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Walzer's Arguments In The Prince

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Machiavelli’s arguments in his work The Prince, surrounding ruling and the concept of dirty hands, were utilised in Michael Walzer’s political piece titled, Political Action: The Problem of Dirty Hands. Walzer uses Machiavelli’s commentary to advance many of his central points. Throughout his comprehensive article, Walzer effectively utilizes Machiavelli’s arguments that consistently stays true those in The Prince and provides a persuasive reading. In order to understand Walzer’s commentary, it is first important to have an understanding of Machiavelli’s The Prince. As a whole, the piece discusses how to gain control of, and maintain principalities. The Prince consists of 26 chapters that deal with different aspects of running a republic. In order to analyze Walzer’s work, chapters 15-18 of the book are necessary to understand his arguments. In chapter 15, Machiavelli begins discussing the correct behavior of a…show more content…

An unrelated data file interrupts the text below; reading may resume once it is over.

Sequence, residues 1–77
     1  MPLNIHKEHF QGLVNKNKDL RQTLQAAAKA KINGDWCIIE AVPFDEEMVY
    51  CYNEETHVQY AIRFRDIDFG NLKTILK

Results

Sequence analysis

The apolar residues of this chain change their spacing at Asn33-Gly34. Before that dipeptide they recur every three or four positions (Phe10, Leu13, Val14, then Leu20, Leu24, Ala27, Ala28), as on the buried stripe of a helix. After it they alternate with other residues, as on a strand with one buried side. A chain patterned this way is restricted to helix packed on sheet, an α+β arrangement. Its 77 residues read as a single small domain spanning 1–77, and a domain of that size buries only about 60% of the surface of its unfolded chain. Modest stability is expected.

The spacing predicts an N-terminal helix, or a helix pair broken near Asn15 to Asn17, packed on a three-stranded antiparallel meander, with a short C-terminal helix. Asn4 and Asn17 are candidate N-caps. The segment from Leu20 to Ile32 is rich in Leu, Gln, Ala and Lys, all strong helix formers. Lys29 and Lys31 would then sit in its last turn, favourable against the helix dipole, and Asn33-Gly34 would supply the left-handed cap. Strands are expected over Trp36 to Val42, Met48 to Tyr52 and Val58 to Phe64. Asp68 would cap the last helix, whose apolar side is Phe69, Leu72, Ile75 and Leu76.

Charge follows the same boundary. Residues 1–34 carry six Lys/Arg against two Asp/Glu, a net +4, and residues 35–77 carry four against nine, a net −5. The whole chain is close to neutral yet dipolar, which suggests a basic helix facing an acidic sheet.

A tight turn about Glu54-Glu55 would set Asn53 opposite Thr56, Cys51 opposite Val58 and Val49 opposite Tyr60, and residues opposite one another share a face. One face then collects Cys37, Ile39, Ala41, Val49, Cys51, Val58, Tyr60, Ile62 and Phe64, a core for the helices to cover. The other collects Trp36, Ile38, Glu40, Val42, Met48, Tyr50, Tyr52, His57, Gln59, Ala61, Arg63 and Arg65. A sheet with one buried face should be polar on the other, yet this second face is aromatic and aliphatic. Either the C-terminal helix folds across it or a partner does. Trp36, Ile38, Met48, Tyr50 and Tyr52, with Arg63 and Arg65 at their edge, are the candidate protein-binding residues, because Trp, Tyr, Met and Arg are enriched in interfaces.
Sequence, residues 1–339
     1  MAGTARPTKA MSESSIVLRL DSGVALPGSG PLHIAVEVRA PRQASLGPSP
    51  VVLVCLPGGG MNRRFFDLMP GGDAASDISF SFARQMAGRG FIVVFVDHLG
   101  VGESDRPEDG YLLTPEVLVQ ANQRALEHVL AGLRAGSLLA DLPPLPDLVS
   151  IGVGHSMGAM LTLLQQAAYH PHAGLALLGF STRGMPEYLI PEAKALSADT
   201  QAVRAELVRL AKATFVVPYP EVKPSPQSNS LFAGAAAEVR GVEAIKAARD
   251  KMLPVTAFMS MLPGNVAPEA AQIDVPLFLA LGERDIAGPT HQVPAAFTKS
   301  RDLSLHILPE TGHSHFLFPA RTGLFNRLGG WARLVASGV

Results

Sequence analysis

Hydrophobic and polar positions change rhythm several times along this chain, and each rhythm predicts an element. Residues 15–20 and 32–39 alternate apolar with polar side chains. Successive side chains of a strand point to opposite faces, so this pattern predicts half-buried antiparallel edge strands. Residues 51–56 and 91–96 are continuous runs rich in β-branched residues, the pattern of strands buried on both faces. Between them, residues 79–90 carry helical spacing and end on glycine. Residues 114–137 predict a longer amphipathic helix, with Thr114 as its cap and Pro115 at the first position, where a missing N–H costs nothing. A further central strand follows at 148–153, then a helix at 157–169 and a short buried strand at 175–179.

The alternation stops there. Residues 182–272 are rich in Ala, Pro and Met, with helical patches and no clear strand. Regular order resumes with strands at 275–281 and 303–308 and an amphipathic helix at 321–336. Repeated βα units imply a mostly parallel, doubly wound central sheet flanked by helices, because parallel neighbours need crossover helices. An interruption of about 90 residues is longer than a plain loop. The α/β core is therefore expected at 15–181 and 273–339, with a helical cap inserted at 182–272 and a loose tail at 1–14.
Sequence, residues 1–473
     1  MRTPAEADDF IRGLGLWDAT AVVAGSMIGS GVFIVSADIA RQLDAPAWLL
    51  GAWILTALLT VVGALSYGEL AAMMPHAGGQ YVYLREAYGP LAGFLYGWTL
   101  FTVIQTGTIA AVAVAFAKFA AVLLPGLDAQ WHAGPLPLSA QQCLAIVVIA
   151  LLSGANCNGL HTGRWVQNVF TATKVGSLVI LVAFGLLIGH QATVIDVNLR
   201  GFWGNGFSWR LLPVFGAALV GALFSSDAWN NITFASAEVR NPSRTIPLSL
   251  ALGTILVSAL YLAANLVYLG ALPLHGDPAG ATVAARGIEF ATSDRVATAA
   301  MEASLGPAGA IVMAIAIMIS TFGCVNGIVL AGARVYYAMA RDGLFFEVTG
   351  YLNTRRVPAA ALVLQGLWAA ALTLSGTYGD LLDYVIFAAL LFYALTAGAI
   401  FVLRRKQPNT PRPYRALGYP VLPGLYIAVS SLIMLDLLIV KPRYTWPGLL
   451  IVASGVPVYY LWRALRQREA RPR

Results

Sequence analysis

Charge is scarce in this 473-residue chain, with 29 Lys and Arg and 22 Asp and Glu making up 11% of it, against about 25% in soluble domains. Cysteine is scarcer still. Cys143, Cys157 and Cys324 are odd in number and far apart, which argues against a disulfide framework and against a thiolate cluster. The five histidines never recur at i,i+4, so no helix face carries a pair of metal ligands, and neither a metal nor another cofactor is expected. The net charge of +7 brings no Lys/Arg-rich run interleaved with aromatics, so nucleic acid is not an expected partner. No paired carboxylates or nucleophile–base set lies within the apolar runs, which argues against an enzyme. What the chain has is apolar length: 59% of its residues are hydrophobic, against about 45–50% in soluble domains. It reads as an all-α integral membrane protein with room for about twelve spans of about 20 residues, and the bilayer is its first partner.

In his piece, Walzer puts forth some new, original arguments, but his commentary is securely anchored in the teachings of Machiavelli. Walzer’s piece is ultimately concerned with rulers, our modern politicians, and how their actions, the good and mostly bad, affect their amount of power and their level of success. In The Prince Machiavelli meticulously outlines not only how to be a successful leader, but how to gain control of a nation. While Walzer’s piece centers more around the concept of dirty hands and thus in Machiavelli’s eyes, how to rule, this does not mean his work does not stay true to The Prince. He simply chose the aspects of Machiavelli’s work that were pertinent to his argument. The concepts that Walzer chose to expand upon, learning how to be bad, making immoral decisions, and possessing unsavory characteristics, were all true Machiavellian concepts originating in The
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